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ORIGINAL ARTICLE
Year : 2022  |  Volume : 33  |  Issue : 1  |  Page : 14-18

#UroSoMe: Growth and innovation of the social media landscape of urology residency programs and applicants during the COVID-19 pandemic


Department of Urology, SUNY Downstate College of Medicine, Brooklyn, New York, USA

Correspondence Address:
Mr. Aaron J Huang
Department of Urology, SUNY Downstate College of Medicine, 450 Clarkson Avenue, Brooklyn 11203, New York
USA
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Source of Support: None, Conflict of Interest: None


DOI: 10.4103/UROS.UROS_83_21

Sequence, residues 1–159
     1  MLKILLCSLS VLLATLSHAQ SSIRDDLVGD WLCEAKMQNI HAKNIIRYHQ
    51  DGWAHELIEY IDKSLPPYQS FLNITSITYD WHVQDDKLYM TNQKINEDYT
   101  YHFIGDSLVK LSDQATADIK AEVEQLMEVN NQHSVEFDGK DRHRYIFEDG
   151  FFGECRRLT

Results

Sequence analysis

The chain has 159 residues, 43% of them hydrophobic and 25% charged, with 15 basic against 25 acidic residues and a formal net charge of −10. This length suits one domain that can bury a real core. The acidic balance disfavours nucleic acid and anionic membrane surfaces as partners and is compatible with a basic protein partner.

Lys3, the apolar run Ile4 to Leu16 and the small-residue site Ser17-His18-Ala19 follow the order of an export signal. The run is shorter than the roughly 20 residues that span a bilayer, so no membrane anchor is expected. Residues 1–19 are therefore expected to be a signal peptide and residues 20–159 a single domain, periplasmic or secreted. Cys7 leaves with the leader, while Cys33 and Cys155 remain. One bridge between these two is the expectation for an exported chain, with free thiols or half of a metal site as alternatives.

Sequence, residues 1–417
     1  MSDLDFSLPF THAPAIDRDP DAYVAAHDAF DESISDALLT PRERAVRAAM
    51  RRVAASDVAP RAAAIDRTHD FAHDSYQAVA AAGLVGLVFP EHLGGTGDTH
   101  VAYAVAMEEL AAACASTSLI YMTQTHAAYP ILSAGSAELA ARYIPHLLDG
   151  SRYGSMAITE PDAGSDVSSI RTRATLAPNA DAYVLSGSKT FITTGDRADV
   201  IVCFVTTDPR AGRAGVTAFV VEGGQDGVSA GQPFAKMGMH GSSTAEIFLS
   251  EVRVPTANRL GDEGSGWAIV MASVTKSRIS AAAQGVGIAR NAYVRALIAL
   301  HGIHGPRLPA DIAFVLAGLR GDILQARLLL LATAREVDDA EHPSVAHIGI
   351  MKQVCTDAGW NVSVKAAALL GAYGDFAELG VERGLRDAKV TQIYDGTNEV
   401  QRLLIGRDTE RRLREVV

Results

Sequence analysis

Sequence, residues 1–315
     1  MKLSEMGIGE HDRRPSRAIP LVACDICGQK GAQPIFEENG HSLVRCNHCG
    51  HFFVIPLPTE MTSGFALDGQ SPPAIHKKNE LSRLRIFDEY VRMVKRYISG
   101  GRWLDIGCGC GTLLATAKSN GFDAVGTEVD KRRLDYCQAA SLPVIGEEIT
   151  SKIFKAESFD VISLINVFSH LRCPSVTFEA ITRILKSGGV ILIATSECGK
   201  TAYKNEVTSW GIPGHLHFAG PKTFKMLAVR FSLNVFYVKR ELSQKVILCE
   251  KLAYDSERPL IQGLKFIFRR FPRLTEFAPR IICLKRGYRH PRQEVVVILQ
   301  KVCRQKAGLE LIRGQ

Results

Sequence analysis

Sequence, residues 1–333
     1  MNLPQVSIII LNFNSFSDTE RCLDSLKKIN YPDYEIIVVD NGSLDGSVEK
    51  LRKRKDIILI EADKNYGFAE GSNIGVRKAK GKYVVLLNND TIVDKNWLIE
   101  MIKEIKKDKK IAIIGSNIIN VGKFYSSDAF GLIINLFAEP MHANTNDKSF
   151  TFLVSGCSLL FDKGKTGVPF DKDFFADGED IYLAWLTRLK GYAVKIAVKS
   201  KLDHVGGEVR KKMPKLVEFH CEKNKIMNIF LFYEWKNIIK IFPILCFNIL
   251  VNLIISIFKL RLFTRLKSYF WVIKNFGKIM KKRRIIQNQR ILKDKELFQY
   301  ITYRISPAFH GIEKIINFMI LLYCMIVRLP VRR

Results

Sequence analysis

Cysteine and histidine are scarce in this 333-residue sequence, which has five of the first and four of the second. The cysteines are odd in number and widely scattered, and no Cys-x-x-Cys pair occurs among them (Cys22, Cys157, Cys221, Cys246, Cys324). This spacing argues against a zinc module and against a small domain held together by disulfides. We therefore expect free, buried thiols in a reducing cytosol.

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Purpose: The purpose of this study was to determine the impact of COVID-19 on the urology residency application cycle on social media engagement and account creation by urology residency programs and applicants. Materials and Methods: A list of accredited urology residency programs was taken from the Electronic Residency Application Service, excluding military-sponsored programs. Twitter, Instagram, and Facebook accounts of programs and applicants were then identified through Google and individual platform searches. Results: One hundred and nineteen out of 140 urology programs had Twitter accounts, with 29 created in 2020. Urology program Instagram accounts had the largest growth rate in 2020 of 227.8%. Almost all urology programs that had Instagram or Facebook accounts also had a Twitter account. Urology programs promoted a total of 277 virtual events on Twitter, 83 on Instagram, and 48 on Facebook. Sixteen subinternships were promoted on Twitter, two on Instagram, and two on Facebook. In the 2021 match, 136 of the 237 matched applicants on Twitter made their accounts in the year leading up to the match and 42 of the 162 matched applicants on Twitter created their Twitter accounts during the 2019 cycle. Conclusion: The number of urology programs on Twitter and Instagram increased in 2020 at a faster rate than previous years. Many programs used their accounts to promote virtual events and subinternships. Applicants who matched in 2021 made Twitter accounts during their application year at a higher rate than the previous application cycle. During the COVID-19 pandemic, urology programs and applicants utilized social media, especially Twitter, to engage and learn about each other.


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